I do love the fabrics the man uses for his mainline stuff and don't mind gushing about that. That's really all I'm usually looking for with this whole crazy jawnz thing. I'll admire the really balls-of-steel-level boldness from the sidelines, but when it comes to my own wardrobe, I prefer sharp design with good fabrics. Geller usually meets that criteria.

I went back and looked at that discussion. Someone in there made the very good point that it's the buyers who are responsible for a store only carrying dip-dyed sweatshirts and that sort of stuff. I'm pretty certain I remember Geller saying in an interview that he found buyers' preferences a little frustrating. He said something like he has a showroom full of these great romantic pieces and they go straight to the jeans and tees because they know those items will sell. (Tried to find the interview just now but I couldn't locate it; if anyone happens to know where it is that would be awesome). There were also complaints that some Geller stuff is just too over-the-top to wear. But that isn't a criticism of the design really, it's more about what the individual is comfortable wearing.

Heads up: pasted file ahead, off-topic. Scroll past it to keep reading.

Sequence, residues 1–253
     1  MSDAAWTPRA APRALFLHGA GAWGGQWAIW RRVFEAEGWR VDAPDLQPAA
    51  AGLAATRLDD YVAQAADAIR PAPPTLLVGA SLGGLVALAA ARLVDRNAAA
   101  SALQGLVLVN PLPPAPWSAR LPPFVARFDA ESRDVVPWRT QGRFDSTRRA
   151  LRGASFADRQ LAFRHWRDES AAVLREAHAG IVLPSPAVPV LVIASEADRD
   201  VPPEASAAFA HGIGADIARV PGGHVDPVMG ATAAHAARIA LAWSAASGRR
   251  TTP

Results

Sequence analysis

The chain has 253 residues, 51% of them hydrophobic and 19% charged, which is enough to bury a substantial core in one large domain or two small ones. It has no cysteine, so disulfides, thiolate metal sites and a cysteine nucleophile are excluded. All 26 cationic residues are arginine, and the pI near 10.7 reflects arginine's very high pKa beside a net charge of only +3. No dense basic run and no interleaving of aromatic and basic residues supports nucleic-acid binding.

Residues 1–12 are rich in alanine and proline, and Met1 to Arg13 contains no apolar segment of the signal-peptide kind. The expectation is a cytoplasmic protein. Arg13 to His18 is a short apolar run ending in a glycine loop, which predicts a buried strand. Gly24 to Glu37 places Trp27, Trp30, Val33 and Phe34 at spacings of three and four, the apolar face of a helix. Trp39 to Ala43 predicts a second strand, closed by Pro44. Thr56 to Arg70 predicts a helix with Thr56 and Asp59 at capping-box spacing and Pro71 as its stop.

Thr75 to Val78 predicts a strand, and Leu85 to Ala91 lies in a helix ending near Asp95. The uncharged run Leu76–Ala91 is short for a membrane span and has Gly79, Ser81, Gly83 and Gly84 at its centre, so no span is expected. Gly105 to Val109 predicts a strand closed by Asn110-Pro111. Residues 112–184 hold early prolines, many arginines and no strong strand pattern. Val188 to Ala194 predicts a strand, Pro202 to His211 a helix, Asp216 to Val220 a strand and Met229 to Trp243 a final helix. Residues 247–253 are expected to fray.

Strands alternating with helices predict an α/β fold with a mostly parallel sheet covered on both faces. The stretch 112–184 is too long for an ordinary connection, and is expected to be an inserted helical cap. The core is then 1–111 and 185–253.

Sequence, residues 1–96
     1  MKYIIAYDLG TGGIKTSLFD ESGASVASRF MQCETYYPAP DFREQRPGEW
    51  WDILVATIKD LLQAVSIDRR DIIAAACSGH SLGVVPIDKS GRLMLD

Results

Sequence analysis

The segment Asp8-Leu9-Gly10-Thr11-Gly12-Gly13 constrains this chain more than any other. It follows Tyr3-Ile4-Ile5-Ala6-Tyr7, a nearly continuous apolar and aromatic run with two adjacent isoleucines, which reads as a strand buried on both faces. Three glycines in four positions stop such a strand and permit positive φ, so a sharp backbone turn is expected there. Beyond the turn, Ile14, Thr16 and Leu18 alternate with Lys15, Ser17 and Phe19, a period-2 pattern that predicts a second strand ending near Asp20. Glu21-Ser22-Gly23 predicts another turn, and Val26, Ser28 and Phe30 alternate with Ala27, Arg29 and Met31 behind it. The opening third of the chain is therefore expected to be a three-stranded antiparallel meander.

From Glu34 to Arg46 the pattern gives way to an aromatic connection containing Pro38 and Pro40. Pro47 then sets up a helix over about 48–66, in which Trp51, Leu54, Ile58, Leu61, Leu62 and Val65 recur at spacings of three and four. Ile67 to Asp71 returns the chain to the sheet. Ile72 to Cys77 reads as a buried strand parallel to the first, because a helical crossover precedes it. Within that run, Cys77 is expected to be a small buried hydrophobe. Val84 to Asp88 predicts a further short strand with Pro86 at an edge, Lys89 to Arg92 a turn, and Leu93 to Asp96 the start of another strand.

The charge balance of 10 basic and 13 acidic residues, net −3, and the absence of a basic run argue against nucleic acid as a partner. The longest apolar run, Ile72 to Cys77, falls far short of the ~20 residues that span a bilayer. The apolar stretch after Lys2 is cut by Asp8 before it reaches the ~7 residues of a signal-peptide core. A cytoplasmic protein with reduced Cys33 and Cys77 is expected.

Personally, one of the things I like about Geller is that within the same collection there are awesome standout pieces and then more run-of-the-mill stuff that anyone would be comfortable wearing, but that still has something unique about it. Geller's buttondowns, for example, are mostly just regular shirts with a good cut, made of nice fabrics and with cool details like covered buttons. Or the fencing shirt, which is unusual but not particularly attention-calling. One of my favorite Geller shirts is just a light denim with a contrast collar in dark denim. I could wear that every day and make it look different every time depending on how I wear it. But it's still just a simple shirt. A lot of the runway looks come together in the styling, but they can totally be deconstructed and the individual pieces used in more conservative, everyday looks. This look below is probably more dandyish than most guys would want to wear, but if you ditch the cumberbund and the scarf, you still have an awesome (easily wearable) jacket over a cool shirt and jeans.